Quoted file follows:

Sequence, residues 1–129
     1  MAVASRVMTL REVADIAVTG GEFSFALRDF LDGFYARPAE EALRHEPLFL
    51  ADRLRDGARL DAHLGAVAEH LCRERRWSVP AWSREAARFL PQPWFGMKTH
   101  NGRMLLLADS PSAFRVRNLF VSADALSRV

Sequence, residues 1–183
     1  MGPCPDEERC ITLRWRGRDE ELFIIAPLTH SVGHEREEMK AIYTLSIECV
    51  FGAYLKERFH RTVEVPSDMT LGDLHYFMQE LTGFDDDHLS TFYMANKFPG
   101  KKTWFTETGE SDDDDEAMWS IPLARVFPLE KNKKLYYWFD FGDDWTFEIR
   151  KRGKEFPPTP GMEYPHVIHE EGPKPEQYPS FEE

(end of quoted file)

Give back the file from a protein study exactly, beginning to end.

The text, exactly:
Sequence, residues 1–129
     1  MAVASRVMTL REVADIAVTG GEFSFALRDF LDGFYARPAE EALRHEPLFL
    51  ADRLRDGARL DAHLGAVAEH LCRERRWSVP AWSREAARFL PQPWFGMKTH
   101  NGRMLLLADS PSAFRVRNLF VSADALSRV

Sequence, residues 1–183
     1  MGPCPDEERC ITLRWRGRDE ELFIIAPLTH SVGHEREEMK AIYTLSIECV
    51  FGAYLKERFH RTVEVPSDMT LGDLHYFMQE LTGFDDDHLS TFYMANKFPG
   101  KKTWFTETGE SDDDDEAMWS IPLARVFPLE KNKKLYYWFD FGDDWTFEIR
   151  KRGKEFPPTP GMEYPHVIHE EGPKPEQYPS FEE